The Bakersfield Californian from Bakersfield, California on August 31, 1936 · Page 8
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The Bakersfield Californian from Bakersfield, California · Page 8

Bakersfield, California
Issue Date:
Monday, August 31, 1936
Page 8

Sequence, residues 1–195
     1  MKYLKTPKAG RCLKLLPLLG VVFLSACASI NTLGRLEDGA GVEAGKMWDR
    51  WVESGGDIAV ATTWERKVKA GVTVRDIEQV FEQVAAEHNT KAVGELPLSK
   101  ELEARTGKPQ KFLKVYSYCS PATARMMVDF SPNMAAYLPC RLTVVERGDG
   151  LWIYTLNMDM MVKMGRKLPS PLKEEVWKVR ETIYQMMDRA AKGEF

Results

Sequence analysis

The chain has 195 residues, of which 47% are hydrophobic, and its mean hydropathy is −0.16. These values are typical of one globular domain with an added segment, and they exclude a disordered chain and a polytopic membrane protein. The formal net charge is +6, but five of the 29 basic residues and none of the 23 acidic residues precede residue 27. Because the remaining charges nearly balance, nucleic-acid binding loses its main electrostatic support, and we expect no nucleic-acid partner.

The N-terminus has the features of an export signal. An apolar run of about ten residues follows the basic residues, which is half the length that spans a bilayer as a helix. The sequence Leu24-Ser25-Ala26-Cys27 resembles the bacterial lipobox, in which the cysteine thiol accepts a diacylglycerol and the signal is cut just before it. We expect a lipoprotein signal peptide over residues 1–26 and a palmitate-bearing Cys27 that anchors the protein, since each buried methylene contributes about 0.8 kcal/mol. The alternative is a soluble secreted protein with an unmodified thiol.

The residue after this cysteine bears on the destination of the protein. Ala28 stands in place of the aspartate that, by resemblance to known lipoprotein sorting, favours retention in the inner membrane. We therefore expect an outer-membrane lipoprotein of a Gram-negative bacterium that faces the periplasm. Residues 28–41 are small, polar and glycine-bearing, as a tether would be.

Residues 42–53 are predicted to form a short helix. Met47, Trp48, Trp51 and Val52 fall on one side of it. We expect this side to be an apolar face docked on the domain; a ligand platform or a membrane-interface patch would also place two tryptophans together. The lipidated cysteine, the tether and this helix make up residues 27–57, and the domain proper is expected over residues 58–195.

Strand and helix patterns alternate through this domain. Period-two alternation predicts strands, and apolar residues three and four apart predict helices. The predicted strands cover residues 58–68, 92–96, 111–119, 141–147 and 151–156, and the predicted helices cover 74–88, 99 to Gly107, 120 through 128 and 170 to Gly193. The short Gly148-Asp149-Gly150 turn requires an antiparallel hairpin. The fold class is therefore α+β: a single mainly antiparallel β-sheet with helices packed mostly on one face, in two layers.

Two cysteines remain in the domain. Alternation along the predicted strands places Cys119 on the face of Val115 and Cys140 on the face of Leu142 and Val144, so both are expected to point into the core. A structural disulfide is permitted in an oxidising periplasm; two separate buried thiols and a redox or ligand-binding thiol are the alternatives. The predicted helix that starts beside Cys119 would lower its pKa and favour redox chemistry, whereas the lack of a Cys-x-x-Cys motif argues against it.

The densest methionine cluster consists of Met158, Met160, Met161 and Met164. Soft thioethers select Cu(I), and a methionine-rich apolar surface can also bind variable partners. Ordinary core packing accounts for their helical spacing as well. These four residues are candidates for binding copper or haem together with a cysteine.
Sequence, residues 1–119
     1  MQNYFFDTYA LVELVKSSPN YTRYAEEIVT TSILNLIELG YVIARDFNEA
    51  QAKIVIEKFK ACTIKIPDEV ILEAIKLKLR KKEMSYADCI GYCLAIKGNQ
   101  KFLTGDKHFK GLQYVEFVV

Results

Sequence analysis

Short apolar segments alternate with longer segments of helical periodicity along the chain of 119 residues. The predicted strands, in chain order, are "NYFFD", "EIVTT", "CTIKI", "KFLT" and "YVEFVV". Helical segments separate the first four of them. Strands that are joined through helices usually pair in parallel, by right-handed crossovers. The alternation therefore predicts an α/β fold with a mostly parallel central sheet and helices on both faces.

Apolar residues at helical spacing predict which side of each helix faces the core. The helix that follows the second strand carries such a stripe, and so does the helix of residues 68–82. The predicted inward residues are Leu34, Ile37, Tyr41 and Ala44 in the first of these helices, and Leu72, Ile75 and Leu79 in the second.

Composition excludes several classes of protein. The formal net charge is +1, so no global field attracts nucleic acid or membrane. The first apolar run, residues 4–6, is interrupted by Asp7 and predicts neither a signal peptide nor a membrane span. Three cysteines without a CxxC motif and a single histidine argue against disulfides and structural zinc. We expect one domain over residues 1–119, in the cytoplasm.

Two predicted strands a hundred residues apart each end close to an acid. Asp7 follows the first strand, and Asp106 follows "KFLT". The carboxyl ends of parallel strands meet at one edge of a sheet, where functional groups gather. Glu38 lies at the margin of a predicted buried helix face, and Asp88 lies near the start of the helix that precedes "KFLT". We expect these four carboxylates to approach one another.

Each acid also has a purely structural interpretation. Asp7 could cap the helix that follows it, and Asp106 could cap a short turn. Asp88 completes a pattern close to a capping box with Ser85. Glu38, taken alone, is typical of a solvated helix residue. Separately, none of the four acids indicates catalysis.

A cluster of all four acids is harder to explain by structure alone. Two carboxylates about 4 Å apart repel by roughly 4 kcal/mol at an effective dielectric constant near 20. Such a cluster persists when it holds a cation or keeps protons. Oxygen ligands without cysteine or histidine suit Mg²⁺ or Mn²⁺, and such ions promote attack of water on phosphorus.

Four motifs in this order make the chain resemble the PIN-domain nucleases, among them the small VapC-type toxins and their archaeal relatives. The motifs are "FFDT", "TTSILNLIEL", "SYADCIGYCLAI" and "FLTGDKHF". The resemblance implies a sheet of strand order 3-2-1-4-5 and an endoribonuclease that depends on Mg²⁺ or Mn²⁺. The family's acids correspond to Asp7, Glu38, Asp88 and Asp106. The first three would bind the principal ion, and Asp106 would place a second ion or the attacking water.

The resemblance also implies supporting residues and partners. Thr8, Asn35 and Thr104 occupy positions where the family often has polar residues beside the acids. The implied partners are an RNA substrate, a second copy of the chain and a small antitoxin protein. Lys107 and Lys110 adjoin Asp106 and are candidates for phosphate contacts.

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TIIK UAKEKSFIKLU CAL1KORNIAN, MONDAY, AUGUST 31, 1936 IN U. S. A. EX-KING ALFONSO HAS BIG STAKE IN SPAIN (Attnriated Vrr»t Lr.atr.d Wlrr) Stone Curving at Hclnil Is Held by Savnnl as Sign of Diffusion BF.LOIT, Wlft., AUR. 31. - The Iradrr nf the HH'ilt «'i>llc|,'<» 1/ogan Museum nntlmipolony rxpfdlllmi to- dny oxhlbllr-ii n clone riirvlng which ho wild IndlealPil thai anrlrnt Artec or Mnynn culture had ronrhfd Into what IP now the (southwestern we tlon of the I'nltod States. The expedition 1ms JUKI returned from a trip to Mexico and the south- wewl. neccrlblng the find, dug up at the Starkweather ruin near Kcucrvp. N. M.. Prof. Paul II. Nesbitt, curator of Ihr I/ogan Museum nnrt lender of the parly of four ntudenls, «Hld: "It Is a carving of a male figure In bas-relief on a Blab of laminated limestone. All details of eyes, oars, mouth nnd handB show clearly. I feel that tht> figure probably Bymbol- Ized tho fertility of mankind. It Is one and one-half feel high. "Curving In stone In confined lo Ihe Artec, Toltec and Mnyn cultures In Mexico, nnd It was believed that the Idea never diffused to the United Plates In aboriginal times. Our find makes an entirely dlfferenl story. The wholo Blab was one of tho seal•tones to a doorway and was found near tho floor of a Bin-face room." 4 »• TVfl-W YORK, Aug. 81.-- AlfonBo. ousted Uourbon king of Spain, stood revealed today UK a nmn with n bl£ Klakp In the Hpnnlxh warfare In which the two Hides arc divided almost fifty.fifty. Hln throne Is to be kept warm for him liy the Knnclsl i-ebels -- If they win. Alfonso has been busy. HP re- frnlned from liny public clnlm to |I!H overturned throne but IIP had nn nlr- plunp ri'iidy for emergencies. HP hnlf of Spain a.s \vrll us Spanish Morocco, whoro HIP rebellion Htartcd. 'I'lv- rehclH Mtarlcd .Inly 18 with :i fjiilcH conquest of Morocco almoHt ovpr night. fiPiuTiil l''ninco, hud Iho army with him. lie thought he hud the niivv, but mi ninny ships the rnmmiinlst nnd Koelallnl CICWH overpowered their offlcer-i and .tome- tlniPH top.sed tlicm o^'erbonrd. The government liad only tho mi- rletiH of nn army, but It hail moat of , made quick trips through Italy, (ior- I thn alrpl.'inos and big supplies and , i ninny, Austria nnd Czechoslovakia, I Whiitover his planH, suspicions of I nmliltloti grew when the Madrid Ko- I clnllst government announced a lot- ter from him assured the rebels "vie! tory will be ours." rmitrolli'd the normal facilities for K <. King mure. ,vn Indication of tho fairly even division In iientlment appears In Ihe Fehruary election vote when tho present soiHallsl giivornment went Paradise Lost to Chicago Tenants (Anoetaleil I'rem IicatcA Wire} CHICAGO. AUK. 31.— George Ort- sclfpii, a real oHlato dealer, won sur- prlKfd to If*nrn that the Rlx-flut build- IIIR at 2043 Ilown nlrci^t wan Included In a pnrcrl oT ii>nl entitle which came Into Ills poRHPRHlon through a niort- K"K" tniMHurllun. Ho mlRht nnvnr have found It out, he iiiu.tcd. If two of tho tcnnitln hiuln't nu/irreli-rl iiml Bono to court, \vlnT*' liM'idrnlJil tun'HtlonliiK revojilod nobody In I he building had paid rent for 10 yriirs liiiniumi nobody knew who owiii-d It. An Invr-Htlgntlon dlH- rloHed OrtHelfnn'H unniiBpcctcd Hiatus of landlord. H|H iitloniey said rent would bo collected hereafter. Thp clour Nhurp dlvlHlon of Spuln I into power with 4,:i[ilJ,f>f>!) voteH !>«• VINCKNT DENVEll. Aug. 31. (A. P.)— Merle D. Vincent, former national NRA official, withdrew today from the race for tho democratic senatorial nomination In Colorado and throw his (support to William 10. Sweet, former governor, against Oov. Ed C. Johnson. Into two camps Is shown by Alfonso's apparent hope of ruling again, and by other Blgnr.. Holh tho Fascist rebels and the government Socialists brought out opposing programs. The rebel staff under Uonoral Francisco Franco at Hurgos plainly announced Its aim as thn establishment of a military dictatorship to prepare tho way for the people to vote on Alfonso's resumption of the throne. The government, through Its Socialist party leader. Indaloclo 1'rlcto, "Tho Strong Man," said there must ho division of largo estates and "nationalization" of all kinds of big business. For the present, he added, "Spain Is not ready or well enough developed for pure Communism." Thus tho two factions, stnrllng their seventh week of bloodshed today, are aligned In tho two camps Into which much of tho world Is dividing. Uermany and Itnly are leaders of tho Fasclsl group. Russia and Franco aro on Iho Communist- Socialist Hide. Spain Is Socialist but recent do- rreeB have shown tho trend toward Communism of which 1'rleto speaks. Spunlsh political leaders have asserted Communists are biding their t.lmo, ready to selzo the government If tho Socialists aro victors. Six weeks of fighting have brought no decision In tho war lhat Europe nervous and hind It. Tho oppoHltlon of funclHlH. monarchlHtH. clmrchmen, biff land- ownprH nnd moderutPH polled G,- Tim iironent fiiHclHl rcbpl prlf:- flpUs linllpd n. blf-'Kcr VoIP but fleeted 07 fpwer deputlPH. That nhowH n fnlrly rlonf; dlvlHlon, and It wonlil HPoin jirobablc the whole PPO- pie of Spnlu Htlll think much as they did N!X montlm URU. There urn many tblnRH at IHHUC on HIP "biittlefleldH." The vicloimneHH of thp RtriiKKlo HP' pparH In Iho masH pxecutloiiH nnd tho frp(|iipnt UlllliiK of prlHoncrH, charged by both fdde.f. AH war haw been "inodcrnliM'd," avowedly to iiiakc. It morn humane, It appears at close range more fe.rnp.louH than wars of history books where Klory often BOt.H m<in> attention than blood. MIIHH pxccutlons oi'curred when MimHollnl'H army In Kthlopla pun- Ishpd traltoroiiM nultvcH. Mass executions of war HltPwlHO occur In tho relative peace of today's governments. Hitler startled the world with his .[line 30, 1834, "pnrpn" when a little band of hiH faithful "executed" (,'oloiifil Krnesl Hoehni and nlno cithers whom Hitler thought dangerous to his Na/.l power. Japan executed l!i leaderH who staged a rebellion In Toklo February 20 as a demonstration of their will toward stronger, more mllltarls- Appeal Is Planned in Mayhem Case (Aitociatcd I'rc/m Lcaicd Wire) SAN FRANCISCO, Aug. 31. — An ripppiil to the state Supreme Court will be the proHocullon'n next move in un effort to reopen tho mayhem and cdiiHplnioy trial agnlnHt two Han I'VanclHcui doutnrn who performed a Hterll/jitlon operation on Ann Cooper Hewitt, helreHH to the fortune ot her Inventoi-'father. AHMlwtant Ulatrlct Attorney Aug- UHt Fourtnnr sugBeHted this course after tho DlHtrlet Court of Appeals yewlerday upheld tho action of Superior Judge Haglan Tultlo In dls- nilRRlng charg<H against Drs. TIHon K. Tlllman and .Samuel C. Boyd. ....... . ............. ........... ________ ..... afraid It will spread throughout the tic action In China and Iho Asiatic thouMands of casualties hnvo paid for Blight ulilfllng on the checkerboard of war. The govprn- mcnt KoelallMs hold Madrid, tho capital, the country around It nnd much of tho coast. The PiiselHt rebels apparently control more than continent. llussla, only last Tuesday executed 10 once prominent communist lenders who confessed they Joined former Soviet Minister of War Leon Trotsky In his plan to kill Dictator Joseph Stalin and others and give tlio Soviets a "purge." Maryland Hotel Is Snake Bites Man Sold for_$250,000 and Snake Dies (Anni'iatfd 1'rr.nt LtateA Wirtl HtmLlXOTON. N. C.. Aug. 31.—A PASADENA, Aug. 31.—Ivan Do i snake bit a man here, and Iho snake Long, representing a bondholders' | —not the man—died. passerby exhibited a four-foot snake at a filling station. Tho station proprietor took the snake out, leased It. Tho reptile hit him on tho finger. Ten minutes later tho snake protective committee, purchased the famous Maryland hotel at auction today for a sum equlvalenl to $250,000. The bid price was 1(80,000, the remainder being tho sum duo In taxes EFFICIENT Dependable BUY or RENT Low«»t Term* Don C. Preston Nliwt««nth and H Also Luxurious Fur-Trimmed Suits Priced to $69.50 Dr. Van Meter Gives Special Attention to Artificial Teeth All plates made In our own laboratory. Christ Jesus Topic at Science Church Jesus' words, 1 "Clod sent not his Son "Into tho world to condemn tho world; but that the world through him mlghl bo waved, " wore tho Uoldcn Text In tho Lesson-Sermon on "Christ Jemis" on Sunday In all branches of Tho Mother Church, Tho First Church of Christ, Scientist, In Hoston, Massachusetts. Among tho Scriptural citations In tho TjCRHon-Sormon wero these verses from John: "There was a man sent from God, whoso name was John. Th'o samo camo for a witness, to bear witness of the Light, that all mean through him might bellcvo. . . John bare witness of him, and cried, saying, This was ho of whom I spake, ho that, coineth after me Is preferred before mo: for ho was before me. And of his fullness htivn all wo received, and grace for grace. For the law was given by Moses, but grace and truth cume by Jesus Clu'lst. N'o man I hath seen God at any time; the | only begotten Ron, which Is In tho 1 bosom of the Father, ho hath declared him." A correlative passage from "Scl- | enco and Health with Key to tho 1 Scriptures," by Mary Uaker Kddy, i staled: "Chrlsl Is tho true Idea voicing good, the divine message from Ond to men speaking to Iho human consciousness." DA Y HAS DAWNED FOR AVIATION TRAFFIC COP (Atsocfatcit Preit Leaned wire) LOS ANGELES, Aug. 31.—Tho day of tho aviation traffic cop has dawned. Ho never writes a ticket and never raises his voice, but his word Is law at a skyway Intersection 30 miles wide. With J10,000 worth of scientific Instruments ho guards the safety of hundreds of human lives, riding In millions of dollars worth of airplanes each day. Out at Union Air Terminal, third busiest airport In the nation, what used to be a. IMl-aere farm now raises bumpi'r crops of passengers and freight for three airlines. .Standing In his glass enclosed tower, busy as tho proverbial one- armed paper hanger, Chief Airport Controller Mack 13. Tail admitted today, "1 guess our Job Isn't much dlt- fercnl from tho bluecoat who waves at automobiles and street cars downtown." "But It's a llttlo mbra technical," ho added. Frirty-four times a day tho big transports of United Air Lines, T\VA and Western Air Express shuttle In and out, going or. coming from Kansas City, Salt Lake, San Francisco and San Diego. A hundred times a day private craft take off or land. Army and navy planes average 20 visitations dally. Straightening out this air traffic In efficient order Is the airport control tower, whoso system was established lost Juno under Tail, then veteran radio expert of United Air Lines. Tho only one west of Chicago, tho control's operation to dato has been perfect. Three men assist Tail—all with federal rallng In radio, meteorology, air traffic regulations and kindred subjects—and the tower control con- tinues 24 hours a day, seven days a week. At least 10,000 rules now govern air traffic, and there aro regular monthly supplements. It Is mandatory on a controller to report all Infractions to tho air commerce bureau, which has set definite penalties. A sample minute from an aviation traffic cop's day: Inbound transport pilot, 15 miles away, asks for landing Instructions by radio. Controller sweeps his Instrument panels In a glance, eyes the field and answers Into an overhanging microphone: "Wind southwest 4, barometer 20.80, field la clear, use northeast runway, gato No. 3." A racing monoplane, gaily colored like an Insect, crawls out from a hangar. The controller picks up a "beam gun"—a light rcflcclor barrel with pistol grip and peep sights— and signals Iho ship to a vacanl strip of paving at one end of the field. Twin motors roaring, an airliner rolls up In front of tho passenger building, while tho controller turns to his public address system "mike." announces tho route and departure time to travelers on tho ground floor. Tho GO seconds aro almost up as the controller scans the latest message sent on tho federal airways teletype tlckor. Another transport, miles away, breaks In on the radio. Next! •»«* BACK TO THE FARM LAKIN, Kan., Aug. 81. (U. P.)— Virgil Unruh behoves In practicing what ho preaches. He resigned as county agent to become a farmer. Decrees SUITS Smart Looking MAN-TAILORED SUITS ''eaturinj? tho now drop .single pleat and zipper placket. Rythmic "Swingy" TUNIC TYPE SUITS Noto the fiKure-revealins. perfect inoldliiK to waistline . . . the accentuated Clare from the hip line. Jaunty SWAGGER SUITS Noticeable for its new sleeve treat- uent and the way the coat 8\ving.s ,'ree from the shoulders. These Three Are FASHION'S FAVORITES FOR FALL $ 16 95 to *29 50 A SUIT FOR EVERY TYPE s s fiiJi U ij S " flffi "HALF SIZE" rides along as THE Ready-to-Wear Foundation LE GANT SEE OUR WINDOW DISPLAY TWO WAY—ONE WAY (Trade Mark) COMBINATION SPECIAL AT 'Ill »* I |j I yg* New EASYIRDNER HUSK A lighter weight Lc Gant "Half-Size" Corsclettc—to hold your contour more youthfully. Designed proportionately for women who are 5 ft. 4 in. tall or less with normal, full-busted, or full-hipped figure, "Half-Size" reveals a well-defined silhouette. And why not—with a Two Way—One Way back that controls and flattens most comfortably? The lace bra top smoothly but firmly uplifts the busts to the modern youthful line. Just think a foundation that is right—always stays in place—and ready for you to wear out of the store! Here Arc the Three Types of "Half Sizes" Which Is Yours? OTHER LE GANTS FOR ALL FIGURES CORSETRY DEPARTMENT—MAIN FLOOR fi fi ffi tiffi S ft flj * MODEL 25 EASY IRONER quality ironer with latest features CLOTHES HAMPER BOTH S at the low combination price of only « 5495 This-new EASY Ironer—finished in glistening white Duco, full of features that save time and labor—is a bargain alone at $54.95. But for good measure we add a big, convenient clothes hamper — a regular $3.50 . Fi . n! '. l "f l . in * h .'»« Du « value — at no extra cost. • •...».i BU IN TTinia uu&o wiin b ack trim. Adequate!/ ventilated. Large and roomy— ?'/4"»l7"x25' y . Hinged, (l,r top. The quantity is limited—this offer cannot be repeated after our initial stock is sold. Now Foreign Tuning PHILCO C20P $60.00 Complete With Phllco High Efficiency Aerial —Nothing die to buy NEW 1937 PHILCO ™th the FOREIGN TUNING SYSTEM One look at the Philco Color Dial and you'll see why foreign reception is no longer a problem 1 Stations are spread farther apart . .'. named and located, in color. You tutu by name! And Philco'a exclusive Foreign Tuning Sjnlem enables you to get and enjoy many more overseas programs. Come in and see the new Philco values! CHOOSE FROM 52 fiEW PHILCOS—$2!30 UP EASY TERMS ITS COOL AT i 1 Ji £•& ffl ffl 2 ' flgjfr "The Valley's Leading PHILCO Dealer" LUFKIN'S BUSINESS COLLEGE OFFICES NOW OPEN FOR ENROLLMENT From 10:00 A. M. to 12:00 A. M. Fall Term Begins Tuesday. September 1 We are receiving more calls for office help than we can fill. Why not prepare yourself to fill one of these positions? •I r; Pliono 334 Office, 1304 L Street